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Planetary tidal locking of Close Binary Red Dwarf Stars

  1. Mar 19, 2017 #1
    Hi, I'm new to the forum and have an idea for a novel. I can't find anything on this question so I thought I'd sign up for a forum to ask. I'm not a scientist and lack much of the higher technical knowledge.

    Here's my question:

    Most planets in close orbits (they'd have to be to support liquid water) of Red Dwarf Stars are "tidally locked" due to proximity. I'd like to have a planet that isn't.

    There is also the problem that Red Dwarf Stars give off varying levels of heat and I think having two stars would "even this out" and perhaps the additional heat may push back the habitable zone.

    If I had a pair of very close Red Dwarf Stars in a binary system (probably close enough to mutually orbit over hours or days), size isn't overly important. Would having not one but two stars affect whether or not the theorized life-supporting planet is "tidally locked"?

    Picture a planet about .25 AU's orbiting a pair of Close Red Dwarf Stars of relatively equal size.

    Would the planet still be tidally locked, perhaps to the common barycenter between the stars?

    Or would the varying gravity of the nearby stars at different positions of the planet's orbit "pull" the planet in some manner that allowed for continued spin/rotation or even encourage it?


    Not sure how it works.

    Also, in a related question on tidal locking, would the lack of rotation not hamper the magnetic field, thus damaging the prospects of life on any tidally locked planet?

    Answers like this are surprisingly tough to find. I don't need the math, as I'd probably not understand it. Just a dumbed-down explanation.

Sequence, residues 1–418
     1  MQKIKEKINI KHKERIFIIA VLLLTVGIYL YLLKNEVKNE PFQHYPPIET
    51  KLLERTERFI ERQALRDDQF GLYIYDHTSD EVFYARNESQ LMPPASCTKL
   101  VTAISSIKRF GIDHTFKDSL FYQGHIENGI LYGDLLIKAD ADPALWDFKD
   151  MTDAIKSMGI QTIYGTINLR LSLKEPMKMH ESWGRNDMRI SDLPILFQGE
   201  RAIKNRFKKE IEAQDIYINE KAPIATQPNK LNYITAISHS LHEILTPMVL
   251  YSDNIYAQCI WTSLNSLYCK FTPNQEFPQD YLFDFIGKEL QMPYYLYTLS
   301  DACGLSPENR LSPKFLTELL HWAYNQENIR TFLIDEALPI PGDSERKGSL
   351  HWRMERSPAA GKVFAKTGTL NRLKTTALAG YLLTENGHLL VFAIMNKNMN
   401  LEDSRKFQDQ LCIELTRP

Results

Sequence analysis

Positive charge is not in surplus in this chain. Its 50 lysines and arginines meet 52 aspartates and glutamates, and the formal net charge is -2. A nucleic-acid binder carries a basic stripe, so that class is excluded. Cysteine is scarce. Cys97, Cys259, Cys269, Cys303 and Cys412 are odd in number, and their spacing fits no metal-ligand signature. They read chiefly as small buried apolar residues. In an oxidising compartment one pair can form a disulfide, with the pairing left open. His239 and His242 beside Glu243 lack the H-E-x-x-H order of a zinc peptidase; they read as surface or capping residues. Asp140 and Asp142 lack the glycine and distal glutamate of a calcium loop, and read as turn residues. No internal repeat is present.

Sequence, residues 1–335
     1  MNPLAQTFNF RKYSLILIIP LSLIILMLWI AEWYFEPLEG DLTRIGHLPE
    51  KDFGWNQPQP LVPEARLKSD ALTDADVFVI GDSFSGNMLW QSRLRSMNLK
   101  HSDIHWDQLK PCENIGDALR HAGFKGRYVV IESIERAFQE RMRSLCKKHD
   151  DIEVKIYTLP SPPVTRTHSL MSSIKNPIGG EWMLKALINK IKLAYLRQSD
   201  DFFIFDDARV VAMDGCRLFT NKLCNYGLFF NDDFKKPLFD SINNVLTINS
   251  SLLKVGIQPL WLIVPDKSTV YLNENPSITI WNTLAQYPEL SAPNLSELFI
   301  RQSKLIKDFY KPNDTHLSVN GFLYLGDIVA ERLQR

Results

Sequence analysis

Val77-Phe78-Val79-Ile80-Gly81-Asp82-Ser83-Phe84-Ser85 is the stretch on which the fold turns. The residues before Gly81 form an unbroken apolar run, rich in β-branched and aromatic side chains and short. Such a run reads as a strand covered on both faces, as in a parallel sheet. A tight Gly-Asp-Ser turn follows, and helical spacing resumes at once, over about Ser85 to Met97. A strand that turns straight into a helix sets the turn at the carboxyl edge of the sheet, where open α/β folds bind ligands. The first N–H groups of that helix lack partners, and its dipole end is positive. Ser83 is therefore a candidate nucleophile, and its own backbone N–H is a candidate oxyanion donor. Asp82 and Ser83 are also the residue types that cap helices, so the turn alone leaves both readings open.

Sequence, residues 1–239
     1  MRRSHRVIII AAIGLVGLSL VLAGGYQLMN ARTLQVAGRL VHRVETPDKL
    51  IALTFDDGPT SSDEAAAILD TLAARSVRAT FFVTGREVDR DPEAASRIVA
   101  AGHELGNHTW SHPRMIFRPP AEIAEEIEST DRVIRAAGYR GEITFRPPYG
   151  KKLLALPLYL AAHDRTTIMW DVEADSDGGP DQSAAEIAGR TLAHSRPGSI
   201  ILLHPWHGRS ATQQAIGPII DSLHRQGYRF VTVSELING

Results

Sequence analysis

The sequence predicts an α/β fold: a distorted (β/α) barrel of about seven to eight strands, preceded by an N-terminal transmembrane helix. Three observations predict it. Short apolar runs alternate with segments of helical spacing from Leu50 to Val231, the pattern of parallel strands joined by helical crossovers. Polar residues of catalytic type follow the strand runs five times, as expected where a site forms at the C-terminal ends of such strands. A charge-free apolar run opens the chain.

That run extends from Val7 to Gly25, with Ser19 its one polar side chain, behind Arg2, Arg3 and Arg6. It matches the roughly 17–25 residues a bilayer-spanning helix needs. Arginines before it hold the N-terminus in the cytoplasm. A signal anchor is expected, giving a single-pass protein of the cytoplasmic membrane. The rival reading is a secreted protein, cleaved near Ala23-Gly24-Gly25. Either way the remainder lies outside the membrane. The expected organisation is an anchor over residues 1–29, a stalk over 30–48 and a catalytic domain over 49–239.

Thanks for any feedback.
     
  2. jcsd
  3. Mar 19, 2017 #2
    I suspect that at 0.25 AU you'd be fairly safe from tidal locking. I'm basing this on the fact that Mercury isn't locked, at about 0.4 AU and with a stellar mass probably at least an order of magnitude greater than you are considering.

    Edit. Some quite uniformed thoughts about magnetic fields and atmospheres. (1) If the planet was tide-locked, its day would be equal to its year, so in a fairly close orbit it could still have a significant amount of spin. (2) Venus with a rotation period of several months has managed to hang on to a very thick atmosphere.
     
    Last edited: Mar 19, 2017
  4. Mar 19, 2017 #3
    Thanks for your feedback.

    Some good points, though I think Venus still has a weak magnetic field and I assume continues to receive replenishing inflows of material (water, carbon dioxide, etc) from its 3000 volcanos. I pretty sure the slow rotation and weak magnetic field is losing at least the free hydrogen to space as the solar wind hits the upper atmosphere.

    While Mercury is not completely tidally locked, it is pretty close. There is a bit of wobble, to what I understand but you could call it "virtually tidally locked". Certainly, the "dark side" does not see much of the way of light. I don't see that as likely for a good ecosystem for life to thrive.

    I thought that, based on recent discoveries of terrestrial planets around Red Dwarves, that entire planetary line ups are tidally locked, from planet 1 to 7. I'm curious if the Close Binary Red Dwarves would alter this given that there is no one direct gravitational point to which an orbiting planet may Lock To.

    Or would the planet be tidally locked to the common barycenter (let's just say right in the middle of the two even-sized Red Dwarves). I'm going to make up a number and say there is 1/100th of an AU between the two co-orbiting suns.

    Also, on another note, would there be any reason why this planet could NOT have a large moon being so close to the star(s)?

    If so, would this large moon have any affect on the planet being or NOT being tidally locked? Our moon is exchanging momentum with the Earth and slowing down the rotation while the moon spirals out. Is there any way for a moon to help PRESERVE a planet's rotation?
     
  5. Mar 19, 2017 #4
    According to Wikipedia, Venus' weak magnetic field is caused by interactions between the ionosphere and the solar wind--it's not produced by a planetary dynamo, and it has a "negligible" effect on protecting the atmosphere (which contains virtually no hydrogen) from cosmic rays.